Pause before you promise

It is hard to say no to those we care about. It seems much easier in the moment to make a promise when a request is made than to disappoint and upset the one who is asking (especially if they are a child, a family member or co-worker that we see everyday)

The trouble is, when we promise something we have no intention of doing or are not in the position of doing, it ends up causing twice the amount of upset and disappointment, both for ourselves and others. Our words and our promises do not hold much weight. The promisees are never quite sure whether or not we will make good on our promise.

Imam Ali (as) puts it very eloquently: “One who is asked a request is free until promising". On another occasion he said, "A graceful refusal is better than a lengthy promise.”

So the next time a request is made which you cannot or will not fulfil, consider a graceful refusal.

This may be challenging in the moment, but so much easier in the long run for you and for the relationship.


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Turn knowing into doing

Many Muslims around the world are celebrating the birth of Imam Ali (as) this week and so I would like to share some timeless wisdom from this great spiritual leader which continues to inspire millions today.

Imam Ali (as) said: "Knowledge, if not acted upon, departs." Along the same lines, he also said: "Knowledge is of two kinds, that which is absorbed and that which is heard. And that which is heard does not profit if it is not absorbed".

Have you ever wondered why we remember so little of what we read and hear? It is because what we hear, does not 'settle' into our being. It passes by without making an impact. "In one ear and out the other", as the saying goes.

Can we change this so that we remember more of what we learn? So that what we learn transforms our lives for the better?

For sure.

As soon as we learn something, we need to ask ourselves: "What will I do differently as a result of this information?"

Then put knowledge into action. Even a tiny little action.

Remember the...

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Enjoy the wait

The fourth principle that we will explore from Sonja Lyubomirsky's The Myths of Happiness is this:

Spend money now to enjoy something in the future.

Research confirms that anticipating a pleasant or happy event brings us joy.

We have probably experienced this ourselves, when we book a summer holiday, for example. The planning, the dreaming and the talking about sunny days on the beach and starlit nights bring us much pleasure and enjoyment long before the event actually takes place.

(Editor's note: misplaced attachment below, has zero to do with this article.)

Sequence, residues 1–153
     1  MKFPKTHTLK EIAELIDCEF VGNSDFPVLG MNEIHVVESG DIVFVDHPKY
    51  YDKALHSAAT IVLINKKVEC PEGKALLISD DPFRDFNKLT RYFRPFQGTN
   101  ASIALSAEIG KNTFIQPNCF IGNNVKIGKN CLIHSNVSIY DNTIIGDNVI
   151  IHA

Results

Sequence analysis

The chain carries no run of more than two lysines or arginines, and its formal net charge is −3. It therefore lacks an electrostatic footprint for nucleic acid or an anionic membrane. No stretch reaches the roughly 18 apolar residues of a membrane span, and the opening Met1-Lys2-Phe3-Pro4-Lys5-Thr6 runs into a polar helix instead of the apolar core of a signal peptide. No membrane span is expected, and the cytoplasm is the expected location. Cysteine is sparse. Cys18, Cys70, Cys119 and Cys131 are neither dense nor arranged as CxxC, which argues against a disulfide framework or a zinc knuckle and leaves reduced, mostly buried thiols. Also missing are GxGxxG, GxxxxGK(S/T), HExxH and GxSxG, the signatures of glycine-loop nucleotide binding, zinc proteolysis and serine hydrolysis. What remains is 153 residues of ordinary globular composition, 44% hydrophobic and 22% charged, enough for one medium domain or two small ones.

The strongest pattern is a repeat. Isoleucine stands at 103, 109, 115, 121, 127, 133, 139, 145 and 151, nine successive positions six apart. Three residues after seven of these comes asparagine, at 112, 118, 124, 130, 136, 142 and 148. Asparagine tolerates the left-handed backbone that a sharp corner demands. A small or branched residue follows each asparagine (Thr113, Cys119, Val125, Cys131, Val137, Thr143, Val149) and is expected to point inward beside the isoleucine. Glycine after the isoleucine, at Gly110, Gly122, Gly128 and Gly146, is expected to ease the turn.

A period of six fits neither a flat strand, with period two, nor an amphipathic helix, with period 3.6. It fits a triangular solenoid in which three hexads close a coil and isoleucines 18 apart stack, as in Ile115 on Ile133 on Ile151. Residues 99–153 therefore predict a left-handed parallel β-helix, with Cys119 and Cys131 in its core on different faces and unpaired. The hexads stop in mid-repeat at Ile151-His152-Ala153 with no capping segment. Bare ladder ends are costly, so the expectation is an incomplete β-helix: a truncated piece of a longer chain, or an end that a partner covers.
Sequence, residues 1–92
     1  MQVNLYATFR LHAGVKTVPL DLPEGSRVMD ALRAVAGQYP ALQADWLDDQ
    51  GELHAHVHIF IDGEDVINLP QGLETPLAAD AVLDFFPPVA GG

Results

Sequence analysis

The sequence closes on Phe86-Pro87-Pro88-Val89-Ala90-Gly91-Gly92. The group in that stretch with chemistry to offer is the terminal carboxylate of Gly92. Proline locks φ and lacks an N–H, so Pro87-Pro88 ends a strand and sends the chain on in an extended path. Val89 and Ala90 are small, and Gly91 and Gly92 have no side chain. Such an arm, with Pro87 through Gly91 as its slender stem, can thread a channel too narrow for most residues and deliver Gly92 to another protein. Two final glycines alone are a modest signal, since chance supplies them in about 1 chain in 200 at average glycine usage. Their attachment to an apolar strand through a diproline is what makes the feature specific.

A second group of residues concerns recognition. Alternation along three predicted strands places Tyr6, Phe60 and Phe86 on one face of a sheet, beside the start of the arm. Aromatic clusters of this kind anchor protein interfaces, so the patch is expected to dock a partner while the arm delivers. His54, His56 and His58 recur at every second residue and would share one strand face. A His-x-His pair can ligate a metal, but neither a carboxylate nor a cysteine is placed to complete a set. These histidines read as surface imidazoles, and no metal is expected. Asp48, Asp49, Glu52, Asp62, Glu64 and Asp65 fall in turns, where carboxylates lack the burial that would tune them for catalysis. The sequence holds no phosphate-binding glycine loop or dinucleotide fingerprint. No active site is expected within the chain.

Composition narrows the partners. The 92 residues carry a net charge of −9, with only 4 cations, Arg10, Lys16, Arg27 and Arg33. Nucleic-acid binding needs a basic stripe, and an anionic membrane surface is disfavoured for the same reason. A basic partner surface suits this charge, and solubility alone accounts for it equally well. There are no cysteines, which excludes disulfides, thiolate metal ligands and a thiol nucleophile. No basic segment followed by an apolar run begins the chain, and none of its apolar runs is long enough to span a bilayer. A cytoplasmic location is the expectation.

Now before we all go and look for that super once in a lifetime trip, a quick word of caution: the results of happiness research favour "the ordinary over the intense".

In other words, we get more "bang for our buck", so to speak, if we spend our money on many small pleasures rather than a few big ones.

So instead of spending our life savings on that one fantastic trip, we would be better off planning small but regular get-aways or outings with the family. Or even planning a free picnic to the local park...

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Buy yourself time

Sonja Lyubomirsky's third principle to enjoy your wealth so that it brings you happiness is this:

Spend money to give you time.

Time, as they say, is the great equalizer. We all have the same 24 hours regardless of the dollars in our bank accounts.

Research shows, that 'time affluence' – (time to do things that matter to you and bring you joy) is a better predictor of happiness than pure affluence (how much money you have).

Makes sense, right? If we are too busy making money, we don't have time to enjoy it.
So here is an easy way to "buy happiness".

Use money to buy time for yourself. Hire someone to do something that you would normally do yourself.

For those of us who like to do everything ourselves, here is another way to look at it: you will be distributing your blessings and being a source of income for someone else.
(Not to mention having one less thing on your "to-do" list).

(When I shared this with a group of mothers recently, that you could get someone to help you do...

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Share it to savour it

Sonja Lyubomirsky's second principle to enjoy your wealth so that it brings you happiness is this:

Spend money on others not yourself.

There is some fascinating research here. It turns out that if you give people $20 and have them spend it on themselves they'll be less happy than if they spend it on others. Cool, huh?

(I wonder if this is the one reason why people like Bill Gates give away such a significant portion of their wealth?)

So, shall we experiment with generosity this week?

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4 ways money can make you happy

family self awareness Apr 03, 2017

We have all heard the phrase, "money cannot buy happiness".

This is true.